Lesson 14: Ask for Directions

Question: Why does it take millions of sperm to fertilise one egg?
Answer: Because they won’t ask for directions.

Mount St. Victoire, painted by Paul Cezanne

Have you ever noticed how some people are scared to ask for directions? They don’t want to look like they don’t have everything under control so they just muddle through to get places rather than asking someone who might know. Sometimes people just want to appear confident to others, so they pretend to know what they are doing when they don’t have a clue. Although not asking for directions is something men commonly do, I used to be like this sometimes.

In fact, while I was in college, in 1977, I was lucky enough to be able to spend a semester abroad in Aix-En-Provence, France. It’s a beautiful city in southeastern France with tree-lined streets and many beautiful water fountains. My American roommate Martha and I lived on the outskirts of town and rode mopeds to get to school during the week. But the family we stayed with told us we should go exploring on the weekends and see that part of France. We took their advice and rode our mopeds to nearby Mount Saint Victoire. This is a nearby mountain that French Impressionist painter Paul Cezanne painted when he lived in Aix-en-Provence. Cezanne was born in Aix in 1938 and died there in 1906.

We decided to climb to the top of Mount St. Victoire one weekend and I remember that I was dragging along my crash helmet and wearing a backpack that had a hardbound copy of The Rise and Fall of the Third Reich in it. I guess I thought I was going to do some serious reading during our little adventure! I remember we bought a baguette, some ham, cheese, a bottle of red wine and a bar of chocolate and stopped for a picnic part way up the mountain. It was a happy memory and we didn’t get lost.

Me on top of Mount St. Victoire

But another time the French family suggested we take a train to Briancon to go skiing. We finally took their advice and tried to go there during the winter. However, when we got to the train station in Aix, a train pulled up that was going to another town that was spelled similarly to Briancon. Rather than ask someone, I told Martha we should get on because we didn’t have time to ask for directions. Never mind that the train was going south instead of north!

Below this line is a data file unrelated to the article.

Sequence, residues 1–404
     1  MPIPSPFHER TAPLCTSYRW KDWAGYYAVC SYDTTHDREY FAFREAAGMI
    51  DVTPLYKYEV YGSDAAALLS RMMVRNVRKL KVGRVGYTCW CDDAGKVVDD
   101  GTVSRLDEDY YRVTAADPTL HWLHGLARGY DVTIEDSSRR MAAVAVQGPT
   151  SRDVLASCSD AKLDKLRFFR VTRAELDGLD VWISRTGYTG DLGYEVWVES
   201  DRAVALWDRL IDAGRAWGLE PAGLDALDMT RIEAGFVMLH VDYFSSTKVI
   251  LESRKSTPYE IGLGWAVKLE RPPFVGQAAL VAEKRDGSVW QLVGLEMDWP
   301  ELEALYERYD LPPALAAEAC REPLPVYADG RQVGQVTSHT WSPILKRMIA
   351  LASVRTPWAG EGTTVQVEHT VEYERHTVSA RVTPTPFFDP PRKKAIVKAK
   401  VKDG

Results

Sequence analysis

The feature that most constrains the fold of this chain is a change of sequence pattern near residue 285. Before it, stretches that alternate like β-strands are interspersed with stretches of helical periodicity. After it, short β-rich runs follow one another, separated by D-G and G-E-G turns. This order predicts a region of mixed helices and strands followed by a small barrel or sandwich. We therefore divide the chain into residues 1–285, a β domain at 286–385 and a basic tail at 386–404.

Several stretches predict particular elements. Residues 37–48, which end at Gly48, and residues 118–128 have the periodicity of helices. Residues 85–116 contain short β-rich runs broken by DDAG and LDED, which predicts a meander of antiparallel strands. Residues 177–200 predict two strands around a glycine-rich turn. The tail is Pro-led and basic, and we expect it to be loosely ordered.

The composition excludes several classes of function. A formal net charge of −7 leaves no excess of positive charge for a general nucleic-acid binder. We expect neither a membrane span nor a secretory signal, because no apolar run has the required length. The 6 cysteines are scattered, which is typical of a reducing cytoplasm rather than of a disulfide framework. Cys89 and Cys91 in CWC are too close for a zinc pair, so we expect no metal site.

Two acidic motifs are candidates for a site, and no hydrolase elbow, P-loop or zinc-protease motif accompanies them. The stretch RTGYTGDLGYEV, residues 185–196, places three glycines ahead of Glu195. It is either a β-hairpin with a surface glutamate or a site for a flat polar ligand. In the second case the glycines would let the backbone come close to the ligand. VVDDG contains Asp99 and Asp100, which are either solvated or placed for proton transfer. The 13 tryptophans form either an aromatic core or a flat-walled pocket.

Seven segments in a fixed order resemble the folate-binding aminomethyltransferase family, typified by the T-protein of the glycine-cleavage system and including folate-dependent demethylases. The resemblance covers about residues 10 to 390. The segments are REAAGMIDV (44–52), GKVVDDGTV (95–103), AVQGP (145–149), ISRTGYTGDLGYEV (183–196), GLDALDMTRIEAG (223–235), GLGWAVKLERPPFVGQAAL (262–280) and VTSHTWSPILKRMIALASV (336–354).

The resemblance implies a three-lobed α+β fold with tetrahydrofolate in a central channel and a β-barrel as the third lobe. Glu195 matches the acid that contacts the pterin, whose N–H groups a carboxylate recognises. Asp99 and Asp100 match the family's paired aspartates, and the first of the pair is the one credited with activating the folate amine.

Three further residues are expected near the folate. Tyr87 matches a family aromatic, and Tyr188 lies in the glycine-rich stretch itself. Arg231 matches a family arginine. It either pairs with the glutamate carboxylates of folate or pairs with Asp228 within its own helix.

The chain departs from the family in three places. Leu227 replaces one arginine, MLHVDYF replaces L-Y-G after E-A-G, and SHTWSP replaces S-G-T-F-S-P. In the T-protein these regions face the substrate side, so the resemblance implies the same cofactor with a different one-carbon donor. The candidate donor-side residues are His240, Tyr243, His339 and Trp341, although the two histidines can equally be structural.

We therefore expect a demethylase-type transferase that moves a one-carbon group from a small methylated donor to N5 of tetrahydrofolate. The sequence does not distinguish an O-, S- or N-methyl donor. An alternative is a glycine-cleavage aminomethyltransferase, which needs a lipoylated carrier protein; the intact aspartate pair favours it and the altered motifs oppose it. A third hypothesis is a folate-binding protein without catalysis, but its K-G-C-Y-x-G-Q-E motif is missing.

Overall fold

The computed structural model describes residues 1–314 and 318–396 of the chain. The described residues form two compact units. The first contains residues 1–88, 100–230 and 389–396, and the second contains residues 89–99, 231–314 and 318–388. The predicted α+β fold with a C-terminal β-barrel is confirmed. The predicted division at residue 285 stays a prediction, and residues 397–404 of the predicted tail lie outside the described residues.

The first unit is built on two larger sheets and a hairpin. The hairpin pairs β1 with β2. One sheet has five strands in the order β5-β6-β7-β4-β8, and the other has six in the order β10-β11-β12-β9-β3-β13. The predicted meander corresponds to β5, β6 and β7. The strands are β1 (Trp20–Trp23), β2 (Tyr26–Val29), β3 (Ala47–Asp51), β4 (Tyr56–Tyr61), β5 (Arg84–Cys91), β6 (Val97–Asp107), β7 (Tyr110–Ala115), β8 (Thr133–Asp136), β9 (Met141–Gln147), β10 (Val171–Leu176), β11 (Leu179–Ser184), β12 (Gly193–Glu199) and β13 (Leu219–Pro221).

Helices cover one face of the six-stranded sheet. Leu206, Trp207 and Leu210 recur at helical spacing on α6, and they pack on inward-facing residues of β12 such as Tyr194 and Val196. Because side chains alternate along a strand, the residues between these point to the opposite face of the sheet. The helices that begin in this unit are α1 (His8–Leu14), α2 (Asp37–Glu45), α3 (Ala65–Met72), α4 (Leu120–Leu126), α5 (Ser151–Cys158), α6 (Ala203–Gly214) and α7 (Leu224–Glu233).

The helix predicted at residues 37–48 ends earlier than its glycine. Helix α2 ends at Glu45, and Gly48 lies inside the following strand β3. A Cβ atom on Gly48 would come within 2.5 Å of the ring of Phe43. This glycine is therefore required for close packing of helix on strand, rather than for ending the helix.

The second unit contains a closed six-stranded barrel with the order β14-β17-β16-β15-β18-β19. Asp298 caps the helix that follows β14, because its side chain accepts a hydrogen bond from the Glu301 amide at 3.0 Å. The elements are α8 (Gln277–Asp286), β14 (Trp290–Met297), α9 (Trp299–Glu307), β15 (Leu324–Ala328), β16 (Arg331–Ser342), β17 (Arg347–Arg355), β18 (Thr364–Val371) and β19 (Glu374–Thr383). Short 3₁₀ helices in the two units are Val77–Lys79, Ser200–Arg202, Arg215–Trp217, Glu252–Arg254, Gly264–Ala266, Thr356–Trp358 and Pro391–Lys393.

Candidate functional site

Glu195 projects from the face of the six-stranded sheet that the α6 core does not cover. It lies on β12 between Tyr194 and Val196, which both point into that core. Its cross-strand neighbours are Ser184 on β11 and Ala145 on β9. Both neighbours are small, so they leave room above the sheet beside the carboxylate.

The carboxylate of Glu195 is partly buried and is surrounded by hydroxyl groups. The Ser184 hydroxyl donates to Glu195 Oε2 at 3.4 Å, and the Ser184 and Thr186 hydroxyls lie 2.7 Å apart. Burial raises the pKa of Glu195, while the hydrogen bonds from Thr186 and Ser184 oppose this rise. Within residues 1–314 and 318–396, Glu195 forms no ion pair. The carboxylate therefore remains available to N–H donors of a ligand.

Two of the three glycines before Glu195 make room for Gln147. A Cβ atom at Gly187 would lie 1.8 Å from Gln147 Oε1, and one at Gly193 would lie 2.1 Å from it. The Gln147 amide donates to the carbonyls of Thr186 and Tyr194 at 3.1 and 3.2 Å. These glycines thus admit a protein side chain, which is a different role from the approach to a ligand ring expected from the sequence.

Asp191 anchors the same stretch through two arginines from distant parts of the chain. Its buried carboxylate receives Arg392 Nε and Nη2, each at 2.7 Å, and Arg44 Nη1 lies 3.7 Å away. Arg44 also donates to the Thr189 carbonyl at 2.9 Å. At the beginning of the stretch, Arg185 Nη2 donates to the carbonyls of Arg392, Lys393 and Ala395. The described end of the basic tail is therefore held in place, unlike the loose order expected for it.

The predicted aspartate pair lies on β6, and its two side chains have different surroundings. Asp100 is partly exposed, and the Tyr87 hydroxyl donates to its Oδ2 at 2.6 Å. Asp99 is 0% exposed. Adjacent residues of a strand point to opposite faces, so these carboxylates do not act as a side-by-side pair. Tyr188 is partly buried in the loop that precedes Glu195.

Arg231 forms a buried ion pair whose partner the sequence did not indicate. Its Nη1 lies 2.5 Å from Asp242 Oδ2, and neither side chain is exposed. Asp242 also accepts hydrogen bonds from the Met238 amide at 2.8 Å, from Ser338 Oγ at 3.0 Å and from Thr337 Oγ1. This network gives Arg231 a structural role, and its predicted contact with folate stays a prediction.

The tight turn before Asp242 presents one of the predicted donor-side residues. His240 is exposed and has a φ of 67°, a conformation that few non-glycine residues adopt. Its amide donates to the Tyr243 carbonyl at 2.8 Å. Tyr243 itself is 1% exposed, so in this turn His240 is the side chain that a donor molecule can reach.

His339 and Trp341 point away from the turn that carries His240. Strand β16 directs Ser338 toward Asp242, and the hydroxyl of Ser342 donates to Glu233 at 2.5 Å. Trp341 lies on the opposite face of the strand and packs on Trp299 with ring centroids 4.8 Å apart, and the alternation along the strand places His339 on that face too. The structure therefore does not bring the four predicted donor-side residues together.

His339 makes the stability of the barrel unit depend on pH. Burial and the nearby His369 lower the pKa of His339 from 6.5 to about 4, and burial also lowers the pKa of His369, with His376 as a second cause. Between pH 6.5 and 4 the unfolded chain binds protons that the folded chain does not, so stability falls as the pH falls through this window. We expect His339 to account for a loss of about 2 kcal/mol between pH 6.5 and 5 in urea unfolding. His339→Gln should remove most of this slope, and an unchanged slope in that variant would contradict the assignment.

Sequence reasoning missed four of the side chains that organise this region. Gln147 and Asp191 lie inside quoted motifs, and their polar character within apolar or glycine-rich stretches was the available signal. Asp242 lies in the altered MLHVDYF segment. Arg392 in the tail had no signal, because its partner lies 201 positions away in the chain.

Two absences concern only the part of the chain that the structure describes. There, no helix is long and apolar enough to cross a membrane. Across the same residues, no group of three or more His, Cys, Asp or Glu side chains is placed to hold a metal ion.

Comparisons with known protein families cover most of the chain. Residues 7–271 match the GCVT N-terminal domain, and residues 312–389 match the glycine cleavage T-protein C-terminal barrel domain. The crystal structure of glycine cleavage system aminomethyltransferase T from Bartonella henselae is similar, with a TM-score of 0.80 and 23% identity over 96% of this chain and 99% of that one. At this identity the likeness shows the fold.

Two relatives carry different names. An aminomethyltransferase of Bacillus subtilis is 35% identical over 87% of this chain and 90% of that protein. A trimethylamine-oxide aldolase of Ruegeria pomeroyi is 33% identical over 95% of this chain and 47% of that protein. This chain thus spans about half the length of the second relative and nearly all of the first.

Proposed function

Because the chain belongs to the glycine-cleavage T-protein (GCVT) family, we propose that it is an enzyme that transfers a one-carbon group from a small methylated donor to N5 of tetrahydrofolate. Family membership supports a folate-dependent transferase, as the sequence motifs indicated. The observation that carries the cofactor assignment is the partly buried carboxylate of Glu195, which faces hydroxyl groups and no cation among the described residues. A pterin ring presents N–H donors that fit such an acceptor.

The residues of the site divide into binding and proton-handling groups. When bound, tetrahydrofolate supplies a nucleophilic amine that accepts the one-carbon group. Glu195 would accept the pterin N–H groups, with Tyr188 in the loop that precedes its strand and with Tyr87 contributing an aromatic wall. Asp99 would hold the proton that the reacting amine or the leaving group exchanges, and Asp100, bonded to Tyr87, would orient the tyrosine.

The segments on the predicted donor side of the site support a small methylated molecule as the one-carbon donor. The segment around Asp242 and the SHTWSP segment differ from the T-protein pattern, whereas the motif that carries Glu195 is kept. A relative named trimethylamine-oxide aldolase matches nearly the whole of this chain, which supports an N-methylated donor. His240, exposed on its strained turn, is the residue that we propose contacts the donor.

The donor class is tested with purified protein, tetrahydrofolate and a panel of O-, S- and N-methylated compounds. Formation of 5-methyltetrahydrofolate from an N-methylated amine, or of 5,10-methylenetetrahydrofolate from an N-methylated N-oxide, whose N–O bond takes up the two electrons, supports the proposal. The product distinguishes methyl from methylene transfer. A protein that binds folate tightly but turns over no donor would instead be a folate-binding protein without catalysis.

Of course, we didn’t know this at the time. We just settled ourselves in for the long ride to the town. Weren’t we surprised when the train stopped at a town and everyone got off. Then the lights went out. Finally, a janitor came in to clean the car and looked surprised to see us there.

He told us this was the end of the line and took us into the station. A middle-aged man there offered to give us a ride to another train station where we could get a train to Grenoble. This was a big city northwest of our intended destination of Briancon. But we were assured that there were plenty of places to ski there since Grenoble was by the French Alps.

When the good Samaritan was about to drive us to the other station, he suddenly got out of this car on a hill and forget to put his emergency break on. The car started to roll backward down the hill with us in it. I realized then that we were in for some adventure! He ran towards his car and was able to catch up to it before we crashed backwards into another car in the parking lot.

Once we arrived at the large train station in the coastal city of Marseille, (south of Aix), we had to wait until midnight to take an overnight train to Grenoble. While there, we saw a drunk man trying to eat a plate. This upset Martha, who was a more sensitive soul, while I saw some humor in the situation. We moved elsewhere.